It all started with this twitter hashtag. Actually, no – one might want to start from an earlier point in time. On February 20th 1984 a local newspaper published an article titled: “Musicians Complain of Royalties” where it was reported that musicians who were members of the then Musicians Performing Rights Society of Kenya (MPRSK) had complained that the license fees collected on their behalf by MPRSK under a pre-existing collaboration agreement with the Performers Rights Society (PRS) in London were not being paid out to MPRSK members. On March 1st 1984, Mr. S.N. Ndemange the then MCSK General Manager wrote a letter captioned “Royalty Payment” addressed to Mr. Habel Mwalumba Kifoto, one of the complaining musicians mentioned in the newspaper article, explaining that the functions of MPRSK had since been taken over by MCSK, a duly registered company limited by guarantee incorporated a year prior in 1983, that would serve as the national society of composers, authors and publishers of musical works. Shortly after, Kifoto joined MCSK as a member and later rose up the ranks to become the Chairman of the Board of Directors at MCSK, a seat he occupied until his untimely demise on July 31st 2011.
This blogger has come across a twitter exchange involving one Jennifer Shamalla and the Kenya Copyright Board (KECOBO). Screen shots of the exchange have been posted below. Shamalla complains that Ozone Lounge and Bar in Valley Arcade within Nairobi plays “incredibly loud music” and that its patrons “engage in obnoxious behavior in total disregard of the environment as they scream and shout along with the music thus keeping the residents of the Valley Arcade area awake”. According to Shamalla, these actions by Ozone and its patrons “are a direct infringement on the constitutional right to a clean and healthy environment as provided for under Article 42 of the Constitution.” Therefore, Shamalla argues that KECOBO is vicariously liable for contravening the residents’ rights to a clean and healthy environment by licensing and supervising collective management organizations (CMOs) who issue licenses to Ozone. As a result, Shamalla has written to KECOBO (in a letter signed and dated August 11, 2014) demanding that KECOBO ensures that the CMOs withdraw any licenses issued to Ozone with immediate effect.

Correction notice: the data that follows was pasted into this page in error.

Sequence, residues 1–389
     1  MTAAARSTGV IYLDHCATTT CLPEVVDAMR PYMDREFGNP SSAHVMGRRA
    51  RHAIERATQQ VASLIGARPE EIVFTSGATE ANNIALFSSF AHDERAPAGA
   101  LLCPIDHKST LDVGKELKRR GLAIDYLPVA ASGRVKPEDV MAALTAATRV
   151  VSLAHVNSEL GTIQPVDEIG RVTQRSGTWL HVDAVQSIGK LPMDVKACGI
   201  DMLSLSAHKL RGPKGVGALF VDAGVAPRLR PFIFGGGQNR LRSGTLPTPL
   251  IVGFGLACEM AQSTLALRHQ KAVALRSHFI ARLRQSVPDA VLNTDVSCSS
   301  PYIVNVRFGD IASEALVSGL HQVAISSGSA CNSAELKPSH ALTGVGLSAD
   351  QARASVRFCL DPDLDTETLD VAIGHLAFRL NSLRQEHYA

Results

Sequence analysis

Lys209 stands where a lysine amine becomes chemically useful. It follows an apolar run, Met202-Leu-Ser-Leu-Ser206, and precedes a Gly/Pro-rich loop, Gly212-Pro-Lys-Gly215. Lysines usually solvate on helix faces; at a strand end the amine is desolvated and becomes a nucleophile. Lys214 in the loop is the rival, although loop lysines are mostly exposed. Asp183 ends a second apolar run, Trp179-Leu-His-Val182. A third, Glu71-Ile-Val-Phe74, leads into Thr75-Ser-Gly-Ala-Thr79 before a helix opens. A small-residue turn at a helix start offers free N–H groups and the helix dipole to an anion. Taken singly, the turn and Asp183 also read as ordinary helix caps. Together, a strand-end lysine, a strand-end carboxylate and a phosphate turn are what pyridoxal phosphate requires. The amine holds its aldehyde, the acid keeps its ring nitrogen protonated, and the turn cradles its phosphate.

By bringing this issue to light, this blogpost will comment on Shamalla’s argument and the issues arising from the above matter. This blogpost concludes that while Shamalla’s argument appears to be largely misplaced, the questions surrounding KECOBO’s statutory function to supervise CMOs cannot be ignored and perhaps ought to be addressed conclusively.